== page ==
In the 1800s the road from Muizenberg to Kalk Bay was in reasonable state, and good were transported there by ox-wagon and taken by sea to Simons’ Town. At the same time the lime kilns were developed, and the fishing industry was established.
By 1795 Kalk Bay was a flourishing village. Before long, whaling was added to the many activities. This lasted until the middle of the nineteenth century. In 1883 the railway arrived in Kalk Bay, and in 1913 the much needed breakwater project started. It was completed in 1919.
Kalk Bay lies between the ocean and sharply rising mountainous heights that are buttressed by crags of grey sandstone. A literal translation from the Dutch/Afrikaans name “Kalkbaai” is “Lime Bay”. Many of the surrounding caves were formed below the water table, where water chemically weakened the structure of the sandstone and streams bore the loosened grain of sand away.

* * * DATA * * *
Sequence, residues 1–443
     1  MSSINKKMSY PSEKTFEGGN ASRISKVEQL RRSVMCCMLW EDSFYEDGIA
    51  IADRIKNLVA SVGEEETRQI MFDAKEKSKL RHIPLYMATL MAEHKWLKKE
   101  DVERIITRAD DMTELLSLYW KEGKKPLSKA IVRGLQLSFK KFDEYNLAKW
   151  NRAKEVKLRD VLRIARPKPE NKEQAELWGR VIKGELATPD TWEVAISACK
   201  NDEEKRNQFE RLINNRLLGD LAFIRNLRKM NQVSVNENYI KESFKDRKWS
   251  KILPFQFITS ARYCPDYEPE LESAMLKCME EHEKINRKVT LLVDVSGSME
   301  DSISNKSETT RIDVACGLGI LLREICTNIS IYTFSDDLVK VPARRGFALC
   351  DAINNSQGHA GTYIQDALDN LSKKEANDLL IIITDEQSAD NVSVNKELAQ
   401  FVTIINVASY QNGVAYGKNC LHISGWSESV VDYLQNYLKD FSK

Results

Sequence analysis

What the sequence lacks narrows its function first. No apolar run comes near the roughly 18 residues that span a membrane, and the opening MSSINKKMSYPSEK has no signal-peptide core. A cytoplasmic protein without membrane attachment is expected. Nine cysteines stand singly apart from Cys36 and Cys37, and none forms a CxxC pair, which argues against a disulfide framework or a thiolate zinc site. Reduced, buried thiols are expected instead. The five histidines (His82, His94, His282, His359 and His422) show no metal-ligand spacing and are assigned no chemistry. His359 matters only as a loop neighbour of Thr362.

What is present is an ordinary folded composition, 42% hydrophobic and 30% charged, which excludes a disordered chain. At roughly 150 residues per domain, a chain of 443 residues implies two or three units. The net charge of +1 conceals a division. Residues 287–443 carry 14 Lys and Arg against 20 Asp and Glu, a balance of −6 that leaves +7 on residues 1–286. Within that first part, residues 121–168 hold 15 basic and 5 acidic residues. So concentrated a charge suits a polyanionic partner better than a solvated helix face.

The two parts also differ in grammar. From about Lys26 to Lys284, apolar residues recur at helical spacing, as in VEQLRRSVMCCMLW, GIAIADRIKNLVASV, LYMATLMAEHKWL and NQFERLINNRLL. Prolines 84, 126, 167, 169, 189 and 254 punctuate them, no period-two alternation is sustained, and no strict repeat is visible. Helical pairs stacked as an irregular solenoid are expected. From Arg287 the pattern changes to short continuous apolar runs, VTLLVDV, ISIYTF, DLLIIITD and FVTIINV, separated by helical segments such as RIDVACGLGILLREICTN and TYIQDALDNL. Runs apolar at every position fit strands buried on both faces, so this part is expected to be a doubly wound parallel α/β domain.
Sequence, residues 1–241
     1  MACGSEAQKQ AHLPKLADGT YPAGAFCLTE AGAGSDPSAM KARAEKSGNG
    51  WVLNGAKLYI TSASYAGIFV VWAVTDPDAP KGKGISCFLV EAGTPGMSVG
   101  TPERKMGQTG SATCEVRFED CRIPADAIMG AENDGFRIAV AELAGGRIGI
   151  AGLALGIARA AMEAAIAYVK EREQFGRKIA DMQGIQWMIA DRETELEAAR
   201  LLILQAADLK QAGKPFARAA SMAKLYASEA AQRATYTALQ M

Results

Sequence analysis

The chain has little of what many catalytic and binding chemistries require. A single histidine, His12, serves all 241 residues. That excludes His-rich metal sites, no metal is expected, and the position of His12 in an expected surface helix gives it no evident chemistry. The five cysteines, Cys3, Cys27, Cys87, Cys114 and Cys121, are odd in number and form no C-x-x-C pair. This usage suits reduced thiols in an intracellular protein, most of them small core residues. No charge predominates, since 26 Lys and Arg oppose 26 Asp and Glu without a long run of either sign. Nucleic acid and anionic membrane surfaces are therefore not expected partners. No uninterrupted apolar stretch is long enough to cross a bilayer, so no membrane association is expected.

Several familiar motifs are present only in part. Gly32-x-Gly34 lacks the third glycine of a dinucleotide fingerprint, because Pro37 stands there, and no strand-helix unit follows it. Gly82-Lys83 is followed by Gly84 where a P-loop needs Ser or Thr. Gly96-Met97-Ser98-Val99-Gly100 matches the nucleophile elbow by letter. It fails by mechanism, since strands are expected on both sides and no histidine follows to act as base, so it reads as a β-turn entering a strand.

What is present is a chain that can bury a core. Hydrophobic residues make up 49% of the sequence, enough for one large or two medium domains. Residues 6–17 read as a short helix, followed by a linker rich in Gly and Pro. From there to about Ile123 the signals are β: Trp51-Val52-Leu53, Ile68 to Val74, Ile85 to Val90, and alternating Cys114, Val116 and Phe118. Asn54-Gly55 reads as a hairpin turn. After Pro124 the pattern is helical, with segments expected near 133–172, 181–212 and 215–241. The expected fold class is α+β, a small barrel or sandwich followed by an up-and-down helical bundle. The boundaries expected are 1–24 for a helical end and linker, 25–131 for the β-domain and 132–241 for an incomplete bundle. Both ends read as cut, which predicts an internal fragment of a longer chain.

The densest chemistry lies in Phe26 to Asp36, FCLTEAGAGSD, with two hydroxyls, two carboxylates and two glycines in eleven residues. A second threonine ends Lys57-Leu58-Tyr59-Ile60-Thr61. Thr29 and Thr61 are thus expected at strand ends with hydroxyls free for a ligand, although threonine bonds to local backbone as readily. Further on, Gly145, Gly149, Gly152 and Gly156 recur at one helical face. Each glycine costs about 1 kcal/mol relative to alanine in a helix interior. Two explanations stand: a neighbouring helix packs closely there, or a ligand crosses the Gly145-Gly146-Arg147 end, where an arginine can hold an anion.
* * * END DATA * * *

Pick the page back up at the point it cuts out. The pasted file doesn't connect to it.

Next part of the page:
Many famous caves (with names such as ‘Ronan’s Well’, after the Walter Scott novel St. Ronan’s Well, and ‘Free Drinks Saloon’) are located in the mountains above the village. They are of importance to spaeleologists because they have formed in sandstone. Large cave systems are not often found in this type of chemically unreactive rock.
Kalk Bay is also home to the famous surf spot named “Kalk Bay Reef”. This is renowned for heavy barrels and the associated shallow reef. It is best surfed on a big south-easterly swell or a north west wind. In smaller swells low tide makes for better barrels.